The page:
Children have the right to financial support from their parents, and this often factors into a divorce and parenting time. As a parent, you want to make sure you get enough time to see your child, but how often you see your child and your custody arrangement will also affect how much child support you have to pay or need to receive. If paternity is in question during your divorce, this is when the courts will likely order a DNA test to determine if the man in question is responsible for child support.
If you live in Colorado and receive or pay child support, you need to understand how child support payments affect you and how they're determined for your family. The Colorado Child Support Guidelines are used for children's parents who are divorced, separated or even unmarried. The guidelines make sure children receive the right care by making each parent provide a fair share of income and resources to the child.
When you have relied on your partner to make sure you have the money you need to survive in your marriage, it's clear that you may also have to rely on him or her in the future as you try to get a new job and move on after your divorce. In Colorado, spousal maintenance, which used to be referred to as alimony, is the money that the higher-earning spouse may have to pay the lower-earning spouse in a relationship. This support may be paid in the short- or long-term following a divorce.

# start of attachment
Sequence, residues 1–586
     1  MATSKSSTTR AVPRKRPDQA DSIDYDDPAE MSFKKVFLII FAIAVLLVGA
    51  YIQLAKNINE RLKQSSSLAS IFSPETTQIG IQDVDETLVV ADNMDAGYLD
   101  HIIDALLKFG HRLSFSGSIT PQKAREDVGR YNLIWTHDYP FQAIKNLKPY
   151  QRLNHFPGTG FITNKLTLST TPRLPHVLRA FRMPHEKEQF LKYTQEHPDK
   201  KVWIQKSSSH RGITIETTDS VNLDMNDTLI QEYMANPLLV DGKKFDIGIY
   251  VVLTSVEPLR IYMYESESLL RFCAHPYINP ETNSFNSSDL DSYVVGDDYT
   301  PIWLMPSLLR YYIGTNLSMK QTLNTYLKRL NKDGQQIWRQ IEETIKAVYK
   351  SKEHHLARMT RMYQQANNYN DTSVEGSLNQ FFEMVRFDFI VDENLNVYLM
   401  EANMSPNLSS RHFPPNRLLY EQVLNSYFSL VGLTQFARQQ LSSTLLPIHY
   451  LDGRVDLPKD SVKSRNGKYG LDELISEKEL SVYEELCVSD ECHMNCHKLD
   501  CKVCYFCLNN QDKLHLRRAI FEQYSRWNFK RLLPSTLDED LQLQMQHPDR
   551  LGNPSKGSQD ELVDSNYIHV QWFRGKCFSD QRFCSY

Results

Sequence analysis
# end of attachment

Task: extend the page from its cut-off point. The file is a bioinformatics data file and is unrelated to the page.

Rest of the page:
Child support is an important element for children growing up in separate households. Unlike many children in intact households, these children have parents who are living separate lives in different homes, so they must make an effort to provide care to their child through providing compensation and support through financial means.
In decades past, the mother was usually the one who got primary custody of the children when a divorce occurred. This was due to the man usually being the primary breadwinner in the household. That is changing, however, and more women are now working full-time and out-earning their husbands. Still, the courts seem to award the mother with primary custody, leaving the father to work hard to pay alimony and child support.
A local news station out of Pueblo, Colorado, recently did a two-part series on unpaid child support in El Paso and Pueblo counties. The new station reports that there are millions of dollars in unpaid child support in just these two counties. In the second part of the series, the new channel looked at how the child custody laws in Colorado compare to those across the U.S.
Sweeping alimony changes are taking place in Denver, Colorado, and around the country. Many states are still in the debate stage, but in May of this year, Colorado's governor signed a new spousal maintenance bill that will take effect on Jan. 1, 2014. The hope is that alimony will be fairer than it is now and that it will standardize spousal support - similar to the way child support is set up.
Qualifying for a mortgage today may seem almost impossible for some, but adding a divorce into the equation can make it even more difficult. You may wonder if you will ever be able to have your own home again once that divorce decree is signed.